I recently read a list of financial rules by Morgan Housel called “Little Money Rules”.
It’s 18 key lessons regarding the accumulation of wealth and (being a bit of an investor myself) I found them to be powerful, simple truths. As I read on, however, I couldn’t help but see the application to leadership.
Below are his “Little Money Rules” and my corresponding “Little Leadership Rules”.
LITTLE LEADERSHIP RULES
1. Emotions can override any level of intelligence.
It’s amazing how really smart leaders can make some really dumb decisions.
2. Confidence rises faster than ability, especially among young men.
Your ego will only get you so far before it derails you.
3. An asset’s ability to let you do what you want, when you want, with who you want, is an ROI that can’t be found on a spreadsheet.
The purpose of leadership is to give you more life (and those around you) not to suck the life out of you.
4. About once a decade people forget that bubbles form and burst about once a decade.
It won’t always be marketing day.
5. Your investing ability is unproven until it’s survived a calamity.
You’re unproven as a leader until you’ve managed to survive a downturn.
6. Spending money to show people how much money you have is the surest way to have less money.
Always leaning on your positional power is a surefire way to lose your personal power as a leader.
7. Avoid disaster, be patient, and you don’t need many smart decisions to do well over time.
Think constantly about the long-term shared interests of your key stakeholders.
8. Big words mask little thoughts.
Say less, stand behind it more.
9. You will adjust to most positive financial circumstances, except when it causes you to lose control over your time, which will always hurt.
Never complain about needing more time, you have all there is.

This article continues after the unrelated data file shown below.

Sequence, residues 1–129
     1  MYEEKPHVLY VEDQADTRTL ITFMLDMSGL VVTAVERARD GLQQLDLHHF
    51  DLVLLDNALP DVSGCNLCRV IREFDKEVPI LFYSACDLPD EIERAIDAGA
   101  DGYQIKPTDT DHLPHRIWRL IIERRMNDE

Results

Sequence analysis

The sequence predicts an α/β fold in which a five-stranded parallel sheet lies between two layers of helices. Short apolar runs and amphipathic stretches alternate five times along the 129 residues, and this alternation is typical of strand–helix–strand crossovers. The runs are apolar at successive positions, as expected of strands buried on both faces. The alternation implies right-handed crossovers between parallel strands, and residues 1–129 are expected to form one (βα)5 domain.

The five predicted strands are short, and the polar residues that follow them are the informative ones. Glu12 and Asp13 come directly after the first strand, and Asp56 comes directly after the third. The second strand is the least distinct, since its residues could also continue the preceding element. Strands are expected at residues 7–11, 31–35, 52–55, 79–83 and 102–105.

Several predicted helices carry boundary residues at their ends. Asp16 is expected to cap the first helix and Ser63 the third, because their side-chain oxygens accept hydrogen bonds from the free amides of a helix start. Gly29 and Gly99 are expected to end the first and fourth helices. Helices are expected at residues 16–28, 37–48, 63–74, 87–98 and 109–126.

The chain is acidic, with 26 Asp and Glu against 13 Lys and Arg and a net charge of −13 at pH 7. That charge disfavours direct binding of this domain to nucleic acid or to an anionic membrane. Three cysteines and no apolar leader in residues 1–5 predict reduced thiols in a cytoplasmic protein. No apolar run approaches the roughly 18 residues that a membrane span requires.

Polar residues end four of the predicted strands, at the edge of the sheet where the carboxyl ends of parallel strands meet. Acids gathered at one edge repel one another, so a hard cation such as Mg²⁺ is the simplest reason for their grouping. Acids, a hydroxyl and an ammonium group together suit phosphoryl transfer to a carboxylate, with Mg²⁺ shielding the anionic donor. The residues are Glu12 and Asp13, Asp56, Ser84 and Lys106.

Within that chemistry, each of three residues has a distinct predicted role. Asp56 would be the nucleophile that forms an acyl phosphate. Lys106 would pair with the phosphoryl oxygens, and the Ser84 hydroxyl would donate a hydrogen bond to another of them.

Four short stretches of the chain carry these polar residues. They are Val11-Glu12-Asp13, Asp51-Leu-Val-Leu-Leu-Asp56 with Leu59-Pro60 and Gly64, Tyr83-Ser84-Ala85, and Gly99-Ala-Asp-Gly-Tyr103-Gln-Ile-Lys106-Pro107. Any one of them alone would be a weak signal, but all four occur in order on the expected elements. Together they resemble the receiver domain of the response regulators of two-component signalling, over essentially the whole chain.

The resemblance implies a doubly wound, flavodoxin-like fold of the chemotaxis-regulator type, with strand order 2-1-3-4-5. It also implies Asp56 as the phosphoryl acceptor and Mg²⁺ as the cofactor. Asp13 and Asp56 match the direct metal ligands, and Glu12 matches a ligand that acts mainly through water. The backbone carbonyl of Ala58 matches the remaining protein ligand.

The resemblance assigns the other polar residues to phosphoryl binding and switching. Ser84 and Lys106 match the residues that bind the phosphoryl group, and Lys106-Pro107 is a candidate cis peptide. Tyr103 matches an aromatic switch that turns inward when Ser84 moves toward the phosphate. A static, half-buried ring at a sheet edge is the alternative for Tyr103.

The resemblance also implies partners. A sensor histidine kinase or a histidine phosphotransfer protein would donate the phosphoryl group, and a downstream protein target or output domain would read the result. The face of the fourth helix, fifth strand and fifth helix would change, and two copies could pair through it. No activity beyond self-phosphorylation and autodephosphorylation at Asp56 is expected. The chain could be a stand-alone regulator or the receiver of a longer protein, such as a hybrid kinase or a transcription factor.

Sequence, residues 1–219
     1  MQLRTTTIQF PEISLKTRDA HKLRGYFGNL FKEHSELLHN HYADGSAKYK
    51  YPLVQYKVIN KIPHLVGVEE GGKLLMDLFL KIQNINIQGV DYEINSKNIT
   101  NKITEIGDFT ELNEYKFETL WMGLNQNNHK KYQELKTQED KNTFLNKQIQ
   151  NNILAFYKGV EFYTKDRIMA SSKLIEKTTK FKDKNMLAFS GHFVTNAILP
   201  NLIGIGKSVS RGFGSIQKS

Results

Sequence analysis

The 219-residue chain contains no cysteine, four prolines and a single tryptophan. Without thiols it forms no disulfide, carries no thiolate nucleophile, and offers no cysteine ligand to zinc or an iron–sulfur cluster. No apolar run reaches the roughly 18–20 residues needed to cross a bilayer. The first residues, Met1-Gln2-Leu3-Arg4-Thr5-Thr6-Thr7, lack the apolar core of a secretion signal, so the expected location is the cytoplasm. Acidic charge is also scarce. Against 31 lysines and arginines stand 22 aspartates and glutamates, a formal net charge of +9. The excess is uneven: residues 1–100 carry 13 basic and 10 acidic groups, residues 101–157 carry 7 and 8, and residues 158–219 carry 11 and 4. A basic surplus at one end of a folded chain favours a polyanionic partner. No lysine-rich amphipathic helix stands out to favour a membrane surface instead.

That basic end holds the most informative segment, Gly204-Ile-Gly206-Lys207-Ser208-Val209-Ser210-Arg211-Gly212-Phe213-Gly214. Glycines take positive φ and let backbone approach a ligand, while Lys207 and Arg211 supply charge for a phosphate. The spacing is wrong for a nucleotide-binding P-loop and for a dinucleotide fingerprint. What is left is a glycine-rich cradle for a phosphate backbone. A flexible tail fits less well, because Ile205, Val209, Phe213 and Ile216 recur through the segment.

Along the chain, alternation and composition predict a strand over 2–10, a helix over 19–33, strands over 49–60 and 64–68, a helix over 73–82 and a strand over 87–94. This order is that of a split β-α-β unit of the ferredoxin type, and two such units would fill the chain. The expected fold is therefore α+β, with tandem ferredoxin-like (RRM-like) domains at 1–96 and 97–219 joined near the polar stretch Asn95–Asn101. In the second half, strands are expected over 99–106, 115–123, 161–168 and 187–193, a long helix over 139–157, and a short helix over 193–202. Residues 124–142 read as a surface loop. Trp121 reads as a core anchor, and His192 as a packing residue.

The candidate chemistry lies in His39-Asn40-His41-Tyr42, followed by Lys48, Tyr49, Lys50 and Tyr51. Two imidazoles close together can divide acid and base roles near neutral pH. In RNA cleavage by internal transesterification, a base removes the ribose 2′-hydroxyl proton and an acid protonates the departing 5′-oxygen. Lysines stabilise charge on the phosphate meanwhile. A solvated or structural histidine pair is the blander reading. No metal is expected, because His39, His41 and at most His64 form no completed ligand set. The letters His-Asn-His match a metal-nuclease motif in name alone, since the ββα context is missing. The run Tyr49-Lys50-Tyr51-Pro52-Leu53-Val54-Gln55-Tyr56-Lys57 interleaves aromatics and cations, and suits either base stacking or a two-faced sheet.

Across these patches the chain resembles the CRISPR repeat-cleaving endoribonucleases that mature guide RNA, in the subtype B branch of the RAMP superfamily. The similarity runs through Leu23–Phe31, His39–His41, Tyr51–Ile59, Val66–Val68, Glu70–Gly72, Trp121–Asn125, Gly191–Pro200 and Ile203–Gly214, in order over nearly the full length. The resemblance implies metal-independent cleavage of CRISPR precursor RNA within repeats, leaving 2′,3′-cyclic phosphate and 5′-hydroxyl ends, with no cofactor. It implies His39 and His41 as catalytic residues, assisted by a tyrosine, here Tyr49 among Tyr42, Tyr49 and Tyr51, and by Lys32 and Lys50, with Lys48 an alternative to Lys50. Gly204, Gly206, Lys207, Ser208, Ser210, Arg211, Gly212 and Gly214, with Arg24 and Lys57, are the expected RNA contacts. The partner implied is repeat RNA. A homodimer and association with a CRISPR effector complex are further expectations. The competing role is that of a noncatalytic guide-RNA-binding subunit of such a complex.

10. The only way to build wealth is to have a gap between your ego and your income.
If your self-worth as a leader is based on your net worth, you’re stuffed.
11. The goal of investing isn’t to minimize boredom, it’s to maximize returns.
Focus, focus, focus.
12. It’s easier to lie with numbers than words. As the saying goes, more fiction has been written in Excel than Word.
Tell the truth, the whole truth and nothing but the truth.
13. Your circle of competence is smaller than you think. Your susceptibility to bias is larger than you think.
We don’t see the world as it is, we see the world as we are.
14. Reducing your desires has the same effect as leveraging your assets, but with no downside risk.
The secret of happiness may just be to lower your expectations.
15. Solutions to problems can be shockingly simple; Getting people to adhere to simple solutions can be shockingly difficult.
Make the complex simple, the simple sensational, and the sensational “sizzle”.
16. Debt removes options, savings add them.
17. Compounding requires absorbing damage so you’re never forced to quit.
Never give up.
18. No one’s impressed with what you have.
The title you hold as a “leader” and real leadership are very different things.
Hope you enjoyed the quick read. That it both helps you as a leader and just maybe with your money.
Until next time…
Find the passion.
Develop the skills.
Make the numbers.
Make a difference.
“APAC’s most respected transformational leadership performance coach”
Paul Mitchell (@Paul_S_Mitchell) is a speaker, author, transformational leadership coach and founder of the human enterprise. Through leadership coaching, leadership development programmes, keynotes and facilitation, Paul works with organisations to build cultures where everybody leads.
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